When we talk about exercise we don’t only mean physical - we mean mental too! Be prepared to give your dog opportunity to run and play. Also be ready to offer your dog the chance to work that awesome mind through training, problem solving and other fun challenges. A dog that is mentally and physically tired is a well-behaved dog.
We stress the importance of socialization for puppies and dogs as it is paramount in their development. Meeting other dogs builds confidence, teaches them boundaries and appropriate behaviour, and makes future meetings with other dogs a pleasant thing for you.
It is also important to socialize your dog with all types of people too (children, men, ect) – this helps develop both confidence and comfort levels. Appropriate forms of socialization include dog parks, walking, day care and more.
If the dog you are adopting has socialization issues speak with our dog behaviorist Monika for guidance and one on one help.
This term means training your dog to enjoy and accept being kenneled. Often, new dogs are trained to go in their crate when you are not at home or at night – however, you must understand that your end goal is to limit the time your dog spends in a crate to as little as possible: eventually you want to be able to leave your dog to roam your house without cause for concern.
The proper amount of time a dog can spend in a crate while training will depend on age, breed, energy level. This time spent in its crate will also dictate the level of exercise if needs daily, as well as the amount of mental stimulation it will need.
Boundaries, Discipline and Love
You will want to establish firm and fair rules the moment your dog comes home and stay consistent. This includes ensuring that everyone in the house is following the same rules. You will want to provide love, affection and treats when the rules are being followed. We suggest clicker training and positive reinforcement when it comes to training.
Bringing your new Dog Home
Proper Identification is critical as dogs may be a flight risk until they make the connection that your home is THEIR home. Before you have the opportunity to get an engraved tag you can wrap tape on your dog’s collar with your phone number and name.
We recommend you purchase 2 collars: A buckle type w/light fabric that you can write your phone number on, and a martingale collar to guide your dog where he is support to be when taking a walk or run.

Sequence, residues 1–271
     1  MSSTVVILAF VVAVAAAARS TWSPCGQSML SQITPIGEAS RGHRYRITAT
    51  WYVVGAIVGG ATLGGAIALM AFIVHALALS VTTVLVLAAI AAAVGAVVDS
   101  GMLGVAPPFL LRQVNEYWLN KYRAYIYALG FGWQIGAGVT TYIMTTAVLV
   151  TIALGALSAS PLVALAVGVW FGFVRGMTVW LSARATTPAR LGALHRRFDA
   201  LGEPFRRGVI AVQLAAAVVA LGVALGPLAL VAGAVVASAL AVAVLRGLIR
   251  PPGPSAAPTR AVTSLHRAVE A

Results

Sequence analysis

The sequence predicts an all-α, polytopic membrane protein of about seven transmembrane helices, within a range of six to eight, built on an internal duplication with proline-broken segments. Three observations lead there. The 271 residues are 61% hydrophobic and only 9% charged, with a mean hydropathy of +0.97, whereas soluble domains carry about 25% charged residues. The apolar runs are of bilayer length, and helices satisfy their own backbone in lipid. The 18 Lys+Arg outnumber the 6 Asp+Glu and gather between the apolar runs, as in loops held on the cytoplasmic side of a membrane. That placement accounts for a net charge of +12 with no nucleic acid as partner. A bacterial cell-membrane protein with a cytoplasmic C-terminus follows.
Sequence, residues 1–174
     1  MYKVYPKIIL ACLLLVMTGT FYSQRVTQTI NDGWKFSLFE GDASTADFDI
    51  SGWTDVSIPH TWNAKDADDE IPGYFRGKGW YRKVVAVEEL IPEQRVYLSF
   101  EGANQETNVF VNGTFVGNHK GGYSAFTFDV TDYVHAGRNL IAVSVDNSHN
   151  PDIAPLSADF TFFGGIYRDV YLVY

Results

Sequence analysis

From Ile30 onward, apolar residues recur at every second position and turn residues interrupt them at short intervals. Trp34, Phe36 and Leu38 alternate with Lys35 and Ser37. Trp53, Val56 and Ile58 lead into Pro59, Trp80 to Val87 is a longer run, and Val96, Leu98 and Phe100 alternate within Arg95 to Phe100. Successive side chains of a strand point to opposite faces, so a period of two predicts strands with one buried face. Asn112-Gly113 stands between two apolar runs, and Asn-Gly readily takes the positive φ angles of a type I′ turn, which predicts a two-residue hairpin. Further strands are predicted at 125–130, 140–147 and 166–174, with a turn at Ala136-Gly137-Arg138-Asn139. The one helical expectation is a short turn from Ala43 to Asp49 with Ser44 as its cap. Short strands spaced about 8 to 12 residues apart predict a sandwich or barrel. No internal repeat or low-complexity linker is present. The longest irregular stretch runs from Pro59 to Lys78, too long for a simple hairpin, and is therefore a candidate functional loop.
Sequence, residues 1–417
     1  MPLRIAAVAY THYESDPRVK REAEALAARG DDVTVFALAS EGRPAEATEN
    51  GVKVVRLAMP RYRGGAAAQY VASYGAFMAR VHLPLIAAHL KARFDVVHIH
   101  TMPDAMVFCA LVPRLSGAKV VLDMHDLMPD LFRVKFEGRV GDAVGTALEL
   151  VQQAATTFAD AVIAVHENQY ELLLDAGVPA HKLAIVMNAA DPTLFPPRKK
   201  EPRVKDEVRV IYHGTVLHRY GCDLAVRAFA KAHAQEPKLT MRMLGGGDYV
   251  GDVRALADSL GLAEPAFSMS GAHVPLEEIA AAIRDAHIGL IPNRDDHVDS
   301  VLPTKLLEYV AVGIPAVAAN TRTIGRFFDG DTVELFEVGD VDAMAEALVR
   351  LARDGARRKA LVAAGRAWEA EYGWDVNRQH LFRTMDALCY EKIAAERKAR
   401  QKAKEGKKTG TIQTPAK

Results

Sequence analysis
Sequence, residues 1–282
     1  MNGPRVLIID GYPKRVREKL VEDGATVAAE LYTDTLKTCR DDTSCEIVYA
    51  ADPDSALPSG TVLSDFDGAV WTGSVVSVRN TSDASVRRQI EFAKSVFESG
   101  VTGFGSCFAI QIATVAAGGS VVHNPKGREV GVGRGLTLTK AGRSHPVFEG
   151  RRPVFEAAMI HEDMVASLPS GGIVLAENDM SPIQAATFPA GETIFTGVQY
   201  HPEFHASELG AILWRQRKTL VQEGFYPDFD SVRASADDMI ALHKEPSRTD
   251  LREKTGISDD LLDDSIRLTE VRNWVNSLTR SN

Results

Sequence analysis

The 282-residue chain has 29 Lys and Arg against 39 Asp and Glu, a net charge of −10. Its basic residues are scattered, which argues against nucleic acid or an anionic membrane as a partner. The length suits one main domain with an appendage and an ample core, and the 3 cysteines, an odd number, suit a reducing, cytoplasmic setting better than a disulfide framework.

For safety reasons keep the collar snug rather than loose and do not let your dog off leash until you have established re-call or are in a very secured fenced area.
Food and Nutrition
We are frequently asked what to feed your adopted pet and we strongly suggest you do you research when it comes to pet food, it really is alarming as to some of the toxic ingredients that many well-known food companies put in their food, in fact many have resulted in the death of pets. We would recommend a high quality wet or raw food over kibble and many fresh fruits and vegetables for your dog.
Here are some great resources to assist with choosing a food.
Vegetables that are SAFE for dogs include
Asparagus, bell peppers, broccoli, cabbage, carrots, cauliflower, green beans, celery, lettuce, pumpkin, spinach, sweet potato. Consider steaming or boiling for easier digestion.
Fruits that are SAFE for dogs include
Apple, Apricot, Banana, Blueberries, Cantaloupe, Mango, Orange, Pear, Pineapple, raspberries, Strawberries, Watermelon
Note: Some fruits and veggies are toxic – never feed onions, garlic, rhubarb, mushrooms, corn, grapes, raisins, currents, avocados or citrus fruits. Please do your research before feeding something to your pet. Many plants are also toxic to dogs.
Before surrendering we hope you will contact us first for assistance. We have a certified dog behaviorist and trainer on our team to help. When behavioral issues present themselves it is always best to address them right away.
If a pet is not working out for any reason our contract states the dog must be returned to us. We make every effort to make a good match between the adopter and pet, however if you need to return the dog for any reason please contact us. Adoption fees are non refundable.
A rescue brings so much love and laughter to a household. The happiness you are about to experience is unlike anything else in this world. Thank-you for choosing to adopt.
About a Dog Rescue Society